Epigenetic drift of H3K27me3 in aging links glycolysis to healthy longevity in Drosophila.

Epigenetic alteration has been implicated in aging. However, the mechanism by which epigenetic change impacts aging remains to be understood. H3K27me3, a highly conserved histone modification signifying transcriptional repression, is marked and maintained by Polycomb Repressive Complexes (PRCs). Here, we explore the mechanism by which age-modulated increase of H3K27me3 impacts ...
adult lifespan. Using Drosophila, we reveal that aging leads to loss of fidelity in epigenetic marking and drift of H3K27me3 and consequential reduction in the expression of glycolytic genes with negative effects on energy production and redox state. We show that a reduction of H3K27me3 by PRCs-deficiency promotes glycolysis and healthy lifespan. While perturbing glycolysis diminishes the pro-lifespan benefits mediated by PRCs-deficiency, transgenic increase of glycolytic genes in wild-type animals extends longevity. Together, we propose that epigenetic drift of H3K27me3 is one of the molecular mechanisms that contribute to aging and that stimulation of glycolysis promotes metabolic health and longevity.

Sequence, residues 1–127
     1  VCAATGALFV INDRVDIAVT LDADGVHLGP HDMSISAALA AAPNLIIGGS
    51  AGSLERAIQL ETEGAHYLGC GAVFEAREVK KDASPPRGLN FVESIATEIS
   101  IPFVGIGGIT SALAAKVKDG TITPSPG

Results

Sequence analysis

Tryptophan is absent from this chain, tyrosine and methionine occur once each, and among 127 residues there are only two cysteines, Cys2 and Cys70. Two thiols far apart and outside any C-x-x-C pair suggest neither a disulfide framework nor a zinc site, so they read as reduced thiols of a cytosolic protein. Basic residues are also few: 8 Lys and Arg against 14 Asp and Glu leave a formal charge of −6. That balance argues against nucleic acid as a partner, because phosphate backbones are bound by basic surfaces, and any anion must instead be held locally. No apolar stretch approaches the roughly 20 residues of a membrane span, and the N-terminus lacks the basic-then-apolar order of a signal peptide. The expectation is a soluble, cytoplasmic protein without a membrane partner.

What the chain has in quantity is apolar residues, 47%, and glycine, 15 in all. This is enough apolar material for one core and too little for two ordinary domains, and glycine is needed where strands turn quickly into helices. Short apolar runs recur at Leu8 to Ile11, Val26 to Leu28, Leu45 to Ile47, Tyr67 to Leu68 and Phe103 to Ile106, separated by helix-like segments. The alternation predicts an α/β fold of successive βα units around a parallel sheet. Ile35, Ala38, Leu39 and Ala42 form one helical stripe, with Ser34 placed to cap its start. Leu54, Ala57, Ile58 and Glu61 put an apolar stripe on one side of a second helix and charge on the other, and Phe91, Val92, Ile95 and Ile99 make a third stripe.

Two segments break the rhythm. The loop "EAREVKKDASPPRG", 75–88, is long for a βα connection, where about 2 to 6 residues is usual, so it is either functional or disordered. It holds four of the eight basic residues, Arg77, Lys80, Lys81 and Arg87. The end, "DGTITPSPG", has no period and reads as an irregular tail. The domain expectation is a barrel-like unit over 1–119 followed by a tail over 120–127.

Mesh Terms:
Animals, Animals, Genetically Modified, Drosophila Proteins, Drosophila melanogaster, Epigenesis, Genetic, Female, Glycolysis, Histones, Longevity, Male, Polycomb-Group Proteins
Date: Dec. 29, 2017
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